Q. When does an employer have an employment contract with its employees?
A. Every employer in Canada has an employment contract, whether written or unwritten, with each of its nonunion employees. Sometimes, only some of the terms are in writing. When necessary, courts will imply reasonable terms in the absence of any express agreement on the issue.
Q. Does the concept of “at-will employment” apply in Canada?
A. No. Canadian law does not recognize this concept.
Q. What is necessary to create an employment contract?
A. An employment contract exists when an individual agrees to provide services to an employer in exchange for remuneration of any kind. This agreement forms the basis of a contract, which can be enforced in the courts.
Q. How much of the employment contract should be in writing and how much implied?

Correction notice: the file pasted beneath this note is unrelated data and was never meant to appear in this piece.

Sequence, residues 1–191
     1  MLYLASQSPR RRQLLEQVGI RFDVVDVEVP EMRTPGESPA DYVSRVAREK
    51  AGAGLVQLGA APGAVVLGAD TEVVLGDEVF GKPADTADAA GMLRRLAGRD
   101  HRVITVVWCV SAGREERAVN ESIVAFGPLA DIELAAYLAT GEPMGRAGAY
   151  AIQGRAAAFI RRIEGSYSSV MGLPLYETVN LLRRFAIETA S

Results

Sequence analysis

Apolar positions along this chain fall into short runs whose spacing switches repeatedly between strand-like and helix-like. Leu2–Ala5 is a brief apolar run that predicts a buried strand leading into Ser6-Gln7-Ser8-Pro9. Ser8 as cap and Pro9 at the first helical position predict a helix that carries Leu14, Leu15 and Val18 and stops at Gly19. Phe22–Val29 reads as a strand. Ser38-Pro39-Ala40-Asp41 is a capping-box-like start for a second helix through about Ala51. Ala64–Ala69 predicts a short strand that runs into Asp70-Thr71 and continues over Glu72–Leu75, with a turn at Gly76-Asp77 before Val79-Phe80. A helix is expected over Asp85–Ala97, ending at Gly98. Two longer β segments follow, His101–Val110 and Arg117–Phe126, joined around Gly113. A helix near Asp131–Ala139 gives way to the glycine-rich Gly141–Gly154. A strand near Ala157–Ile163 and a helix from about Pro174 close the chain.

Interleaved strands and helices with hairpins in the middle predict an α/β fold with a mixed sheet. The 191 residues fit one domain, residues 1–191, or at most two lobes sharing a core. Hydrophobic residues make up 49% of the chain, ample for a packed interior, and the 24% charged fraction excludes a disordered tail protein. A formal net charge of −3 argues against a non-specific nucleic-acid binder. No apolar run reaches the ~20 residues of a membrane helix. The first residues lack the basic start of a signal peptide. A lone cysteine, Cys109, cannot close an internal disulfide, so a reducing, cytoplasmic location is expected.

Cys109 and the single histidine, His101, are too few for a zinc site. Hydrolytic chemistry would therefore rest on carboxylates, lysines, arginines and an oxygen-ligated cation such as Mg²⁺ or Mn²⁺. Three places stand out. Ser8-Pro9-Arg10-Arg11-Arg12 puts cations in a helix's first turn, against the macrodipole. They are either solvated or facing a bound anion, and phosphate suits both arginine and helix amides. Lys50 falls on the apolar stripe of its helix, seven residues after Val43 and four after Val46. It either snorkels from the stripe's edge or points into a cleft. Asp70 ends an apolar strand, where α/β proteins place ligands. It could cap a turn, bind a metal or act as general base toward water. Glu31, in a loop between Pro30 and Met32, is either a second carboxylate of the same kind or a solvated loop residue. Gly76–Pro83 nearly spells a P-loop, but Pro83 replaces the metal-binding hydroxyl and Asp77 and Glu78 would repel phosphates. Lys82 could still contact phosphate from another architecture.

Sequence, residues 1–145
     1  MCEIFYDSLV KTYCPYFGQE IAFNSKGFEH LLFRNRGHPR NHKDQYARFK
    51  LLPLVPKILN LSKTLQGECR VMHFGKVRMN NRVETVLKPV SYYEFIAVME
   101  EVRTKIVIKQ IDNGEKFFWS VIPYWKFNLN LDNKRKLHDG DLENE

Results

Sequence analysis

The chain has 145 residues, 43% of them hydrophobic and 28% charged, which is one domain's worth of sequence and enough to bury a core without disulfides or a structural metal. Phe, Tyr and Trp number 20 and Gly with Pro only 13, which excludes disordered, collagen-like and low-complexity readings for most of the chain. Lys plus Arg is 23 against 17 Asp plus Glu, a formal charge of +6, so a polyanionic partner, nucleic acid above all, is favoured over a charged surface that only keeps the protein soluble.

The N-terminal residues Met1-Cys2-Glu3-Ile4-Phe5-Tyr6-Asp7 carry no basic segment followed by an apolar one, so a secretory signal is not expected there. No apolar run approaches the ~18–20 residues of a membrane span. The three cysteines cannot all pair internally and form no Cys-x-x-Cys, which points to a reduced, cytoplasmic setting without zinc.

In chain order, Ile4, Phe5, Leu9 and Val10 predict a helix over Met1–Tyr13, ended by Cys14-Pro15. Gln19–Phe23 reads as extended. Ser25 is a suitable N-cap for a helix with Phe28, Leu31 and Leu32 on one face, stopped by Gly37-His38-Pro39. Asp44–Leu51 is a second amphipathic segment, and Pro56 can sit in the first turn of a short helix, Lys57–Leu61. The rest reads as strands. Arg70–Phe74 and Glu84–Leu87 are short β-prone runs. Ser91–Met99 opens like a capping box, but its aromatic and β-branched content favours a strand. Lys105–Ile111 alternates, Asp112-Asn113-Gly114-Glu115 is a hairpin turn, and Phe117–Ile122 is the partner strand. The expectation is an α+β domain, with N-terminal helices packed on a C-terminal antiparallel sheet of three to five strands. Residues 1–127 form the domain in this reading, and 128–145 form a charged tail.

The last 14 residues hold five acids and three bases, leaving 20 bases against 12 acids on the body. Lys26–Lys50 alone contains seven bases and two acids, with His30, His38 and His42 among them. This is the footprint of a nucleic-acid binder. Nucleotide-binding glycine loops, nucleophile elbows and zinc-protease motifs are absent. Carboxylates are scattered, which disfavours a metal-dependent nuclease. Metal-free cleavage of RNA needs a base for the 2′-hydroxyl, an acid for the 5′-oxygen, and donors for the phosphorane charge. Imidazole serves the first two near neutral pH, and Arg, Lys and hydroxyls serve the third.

A. This is up to you. You can have a comprehensive written employment contract or you can put nothing in writing. Of course, if you take the more informal approach, you’re open to disputes about what promises were made. You’ll also be open to having a court imply what it believes the reasonable terms of employment should be. The safer course is to reduce the key terms and conditions to writing.
Q. What form should the written contract take?
A. Again, this is up to you. You can use a formal contract or you can simply use an offer letter containing the key terms that the employee accepts in writing. Also, employment policies that are given to employees â€“ especially if given when hired â€“ will usually become implied terms of an employment contract.
Q. Does an employment contract mean I can’t terminate the employee?
A. No. Canadian employers can still terminate employees even if they have a contract of employment. You must give proper notice or pay in lieu of notice of termination, however. The courts will determine how much notice is reasonable unless your contract expressly provides for notice.